MAIASP. 2021. No. 13

P.I. Shulga (Novosibirsk, Russia), D.P. Shulga (Novosibirsk, Russia)

New materials on sacrificial animals in Yanglang Culture burials of the 5th 3rd cc. BCE (China)

DOI: 10.53737/2713-2021.2021.93.37.011

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Pages: 453466

This article focuses on the analysis of the sacrificial animals remains in burials of the 5th 3rd . BCE of the Yanglang Culture Wangdahu burial ground identified with the Western Rongs who lived on the Qin kingdom western borders. As a rule, Eurasia Cattle breeders placed one or two parts or livestock carcasses in ordinary burials. In contrast to them, in the Yanglang Culture in one person ordinary burial up to 30, 50 or more skulls of all major livestock species (horses, cattle, sheep and goats) could be placed. In the analysis of sacrificial animals from the Yanglang Culture burial grounds detailed description, the authors came to the conclusion that in a number of burials the composition of animal species and their ratio fully correspond to the Central Asia nomads herd averaged data. Apparently, the burial grounds organizers were sent real herd to the other world with the dead people or recruited animals for slaughter keeping the proportions known to them. The proportion of horses is much higher in the chariot warriors` burials which is associated with the deceased special status. As it turned out, even 13 years old children could have such status during burial in Wangdahu. Foals and votive weapons full set were placed in such burials. All of this suggests the chariot warriors high status which was established in the funeral rite. The maintenance and training of chariot horses large number, the horses and chariot warriors equipment manufacturing required the state structures participation. It is no coincidence that the number of chariots served as a state power yardstick in ancient China. All these preliminary observations and conclusions are consistent with indirect information from Chinese historical sources about the developed horse breeding among the Western Rongs, their special relationship with the Qin kingdom and possibly the early state formation existence among them.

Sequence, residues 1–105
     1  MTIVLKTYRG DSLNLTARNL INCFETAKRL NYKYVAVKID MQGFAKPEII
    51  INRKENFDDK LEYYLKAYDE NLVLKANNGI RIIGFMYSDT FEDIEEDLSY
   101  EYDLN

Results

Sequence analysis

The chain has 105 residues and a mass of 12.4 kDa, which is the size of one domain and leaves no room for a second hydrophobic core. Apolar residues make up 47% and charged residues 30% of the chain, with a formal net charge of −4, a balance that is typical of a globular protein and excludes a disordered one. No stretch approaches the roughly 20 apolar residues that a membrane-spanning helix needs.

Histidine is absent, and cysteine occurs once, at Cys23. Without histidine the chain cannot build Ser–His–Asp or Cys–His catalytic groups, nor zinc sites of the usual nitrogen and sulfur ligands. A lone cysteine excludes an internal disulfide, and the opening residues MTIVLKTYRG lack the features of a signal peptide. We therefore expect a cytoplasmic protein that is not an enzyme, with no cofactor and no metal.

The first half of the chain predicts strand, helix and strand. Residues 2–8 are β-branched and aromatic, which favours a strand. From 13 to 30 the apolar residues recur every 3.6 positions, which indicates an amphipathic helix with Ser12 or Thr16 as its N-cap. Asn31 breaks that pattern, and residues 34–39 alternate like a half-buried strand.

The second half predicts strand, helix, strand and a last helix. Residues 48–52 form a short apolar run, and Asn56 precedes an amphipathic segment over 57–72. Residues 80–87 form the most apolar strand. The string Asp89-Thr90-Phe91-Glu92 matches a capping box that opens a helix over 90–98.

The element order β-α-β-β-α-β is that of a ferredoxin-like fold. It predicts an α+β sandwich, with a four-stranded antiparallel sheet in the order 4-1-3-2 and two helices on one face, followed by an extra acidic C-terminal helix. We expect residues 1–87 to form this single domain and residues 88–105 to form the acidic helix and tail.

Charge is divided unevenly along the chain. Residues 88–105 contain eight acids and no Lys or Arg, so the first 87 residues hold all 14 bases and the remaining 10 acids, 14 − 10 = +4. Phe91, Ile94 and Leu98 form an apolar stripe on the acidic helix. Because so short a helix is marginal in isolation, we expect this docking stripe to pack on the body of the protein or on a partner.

Key words: Northern China, Scythian time, Yanglang Culture, Western rong, burial rite, sacrificial animals, nomads herd composition, burials of chariot warriors.

Received May 24, 2021

Accepted for publication June 27, 2021

About the authors:

Shulga Petr Ivanovich (Novosibirsk, Russia). PhD (History), Institute of Archaeology and Ethnography Siberian Branch of the Russian Academy of Sciences


Shulga Daniil Petrovich (Novosibirsk, Russia). PhD (History), Novosibirsk State University, Siberian Institute of Management the branch of Russian Presidential Academy of National Economy and Public Administration under the President of the Russian Federation